Jamie Dornan as Christian Grey in Fifty Shades of Grey

film Sex scene trailer sees a shirtless Jamie Dornan turn up the heat

Arts and Entertainment
Fake Banksy stencil given to artist Alex Jakob-Whitworth

art

Arts and Entertainment
'The Archers' has an audience of about five million
radioA growing number of listeners are voicing their discontent; so loudly that even the BBC's director-general seems worried
Arts and Entertainment
Ready to open the Baftas, rockers Kasabian are also ‘great film fans’
musicExclusive: Rockers promise an explosive opening to the evening
Arts and Entertainment
Henry VIII played by Damien Lewis
tvReview: Scheming queens-in-waiting, tangled lines of succession and men of lowly birth rising to power – sound familiar?
PROMOTED VIDEO
Arts and Entertainment
Taylor Swift is heading to Norwich for Radio 1's Big Weekend

music
Arts and Entertainment
Beer as folk: Vincent Franklin and Cyril Nri (centre) in ‘Cucumber’
tvReview: This slice of gay life in Manchester has universal appeal
Have you tried new the Independent Digital Edition apps?
Arts and Entertainment

ebooksNow available in paperback
Arts and Entertainment

ebooks
Arts and Entertainment
‘A Day at the Races’ still stands up well today
film
Arts and Entertainment
‘The Royals’ – a ‘twisted, soapy take on England’s first family’
tvAnd its producers have already announced a second season...
Arts and Entertainment
Kraftwerk performing at the Neue Nationalgalerie (New National Gallery) museum in Berlin earlier this month
musicWhy a bunch of academics consider German electropoppers Kraftwerk worthy of their own symposium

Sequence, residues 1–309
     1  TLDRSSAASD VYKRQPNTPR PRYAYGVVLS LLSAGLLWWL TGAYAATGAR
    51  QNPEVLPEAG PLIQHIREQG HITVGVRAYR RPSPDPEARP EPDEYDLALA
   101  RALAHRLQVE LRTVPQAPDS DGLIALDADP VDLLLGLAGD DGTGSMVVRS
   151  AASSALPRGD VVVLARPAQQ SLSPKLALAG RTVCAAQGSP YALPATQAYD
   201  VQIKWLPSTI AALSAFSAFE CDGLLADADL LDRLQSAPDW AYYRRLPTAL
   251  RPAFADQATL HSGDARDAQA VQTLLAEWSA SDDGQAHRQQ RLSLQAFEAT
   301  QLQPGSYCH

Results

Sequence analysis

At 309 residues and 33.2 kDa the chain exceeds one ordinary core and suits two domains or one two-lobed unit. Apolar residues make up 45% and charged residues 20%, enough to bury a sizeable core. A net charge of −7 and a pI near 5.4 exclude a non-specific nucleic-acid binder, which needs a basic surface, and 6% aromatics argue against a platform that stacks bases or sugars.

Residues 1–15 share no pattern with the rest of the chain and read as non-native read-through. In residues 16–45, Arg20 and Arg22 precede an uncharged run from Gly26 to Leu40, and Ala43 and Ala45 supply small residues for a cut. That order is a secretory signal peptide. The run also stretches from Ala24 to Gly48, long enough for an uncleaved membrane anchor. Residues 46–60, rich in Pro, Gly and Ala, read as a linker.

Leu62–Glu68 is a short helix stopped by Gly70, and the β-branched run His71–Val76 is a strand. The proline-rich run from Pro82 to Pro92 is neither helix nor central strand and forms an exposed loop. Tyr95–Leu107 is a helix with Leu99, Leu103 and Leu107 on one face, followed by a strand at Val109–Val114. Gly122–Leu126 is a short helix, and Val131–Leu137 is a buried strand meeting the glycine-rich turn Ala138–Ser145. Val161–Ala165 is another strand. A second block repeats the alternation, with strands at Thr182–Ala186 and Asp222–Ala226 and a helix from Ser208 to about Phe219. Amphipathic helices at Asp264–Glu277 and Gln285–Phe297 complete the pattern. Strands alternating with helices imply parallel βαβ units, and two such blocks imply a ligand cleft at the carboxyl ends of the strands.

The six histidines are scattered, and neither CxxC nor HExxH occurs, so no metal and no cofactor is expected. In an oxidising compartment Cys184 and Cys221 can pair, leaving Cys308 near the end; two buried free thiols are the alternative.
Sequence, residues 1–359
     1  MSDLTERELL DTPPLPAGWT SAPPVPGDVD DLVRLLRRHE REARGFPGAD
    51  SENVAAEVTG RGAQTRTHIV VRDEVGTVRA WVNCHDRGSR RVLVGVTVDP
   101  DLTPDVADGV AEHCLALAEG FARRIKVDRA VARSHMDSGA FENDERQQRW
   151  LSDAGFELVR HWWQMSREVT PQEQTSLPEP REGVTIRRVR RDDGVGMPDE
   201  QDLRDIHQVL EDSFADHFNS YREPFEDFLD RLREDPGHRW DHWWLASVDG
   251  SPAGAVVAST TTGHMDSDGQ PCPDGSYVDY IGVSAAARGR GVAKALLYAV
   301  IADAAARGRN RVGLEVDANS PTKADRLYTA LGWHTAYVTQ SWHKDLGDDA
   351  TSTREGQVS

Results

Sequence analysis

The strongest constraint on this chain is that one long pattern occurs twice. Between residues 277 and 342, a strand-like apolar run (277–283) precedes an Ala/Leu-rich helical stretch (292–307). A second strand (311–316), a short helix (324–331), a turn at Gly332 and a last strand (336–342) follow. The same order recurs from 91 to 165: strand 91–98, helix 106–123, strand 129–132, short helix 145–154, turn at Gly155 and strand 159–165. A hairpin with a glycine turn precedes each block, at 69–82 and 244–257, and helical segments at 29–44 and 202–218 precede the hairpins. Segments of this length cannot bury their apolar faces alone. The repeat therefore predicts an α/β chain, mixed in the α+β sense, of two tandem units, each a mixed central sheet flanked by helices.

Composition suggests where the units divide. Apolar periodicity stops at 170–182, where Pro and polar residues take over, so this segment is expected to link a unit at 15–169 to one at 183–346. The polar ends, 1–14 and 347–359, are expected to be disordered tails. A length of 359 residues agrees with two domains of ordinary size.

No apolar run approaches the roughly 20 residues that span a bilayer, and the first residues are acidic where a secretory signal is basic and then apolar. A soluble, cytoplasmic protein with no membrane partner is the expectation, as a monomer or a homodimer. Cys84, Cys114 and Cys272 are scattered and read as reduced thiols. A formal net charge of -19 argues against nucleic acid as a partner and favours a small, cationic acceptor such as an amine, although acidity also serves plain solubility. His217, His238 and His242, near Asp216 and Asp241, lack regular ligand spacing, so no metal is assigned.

Arts and Entertainment
Icelandic singer Bjork has been forced to release her album early after an online leak

music
Arts and Entertainment
Colin Firth as Harry Hart in Kingsman: The Secret Service

film
Arts and Entertainment
Brian Blessed as King Lear in the Guildford Shakespeare Company's performance of the play

theatre
Arts and Entertainment
In the picture: Anthony LaPaglia and Martin Freeman in 'The Eichmann Show'

tv
Arts and Entertainment
Anne Kirkbride and Bill Roache as Deirdre and Ken Barlow in Coronation Street

tvThe actress has died aged 60
Arts and Entertainment
Marianne Jean-Baptiste defends Joe Miller in Broadchurch series two

tv
Arts and Entertainment
The frill of it all: Hattie Morahan in 'The Changeling'

theatre
Arts and Entertainment
Gillian Anderson and David Duchovny may reunite for The X Files

tv
Arts and Entertainment
Jeremy Clarkson, left, and Richard Hammond upset the locals in South America
TV
News
A young woman punched a police officer after attending a gig by US rapper Snoop Dogg
people
Arts and Entertainment
Reese Witherspoon starring in 'Wild'

It's hard not to warm to Reese Witherspoon's heroismfilm
Arts and Entertainment
Word up: Robbie Coltrane as dictionary guru Doctor Johnson in the classic sitcom Blackadder the Third
books

Arts and Entertainment
The Oscar nominations are due to be announced today

Oscars 2015
Arts and Entertainment
Hacked off: Maisie Williams in ‘Cyberbully’

Maisie Williams single-handedly rises to the challenge

TV
Arts and Entertainment
Eddie Redmayne in The Theory of Everything and Benedict Cumberbatch in The Imitation Game are both nominated at the Bafta Film Awards
Latest stories from i100
Have you tried new the Independent Digital Edition apps?

ES Rentals

    Independent Dating
    and  

    By clicking 'Search' you
    are agreeing to our
    Terms of Use.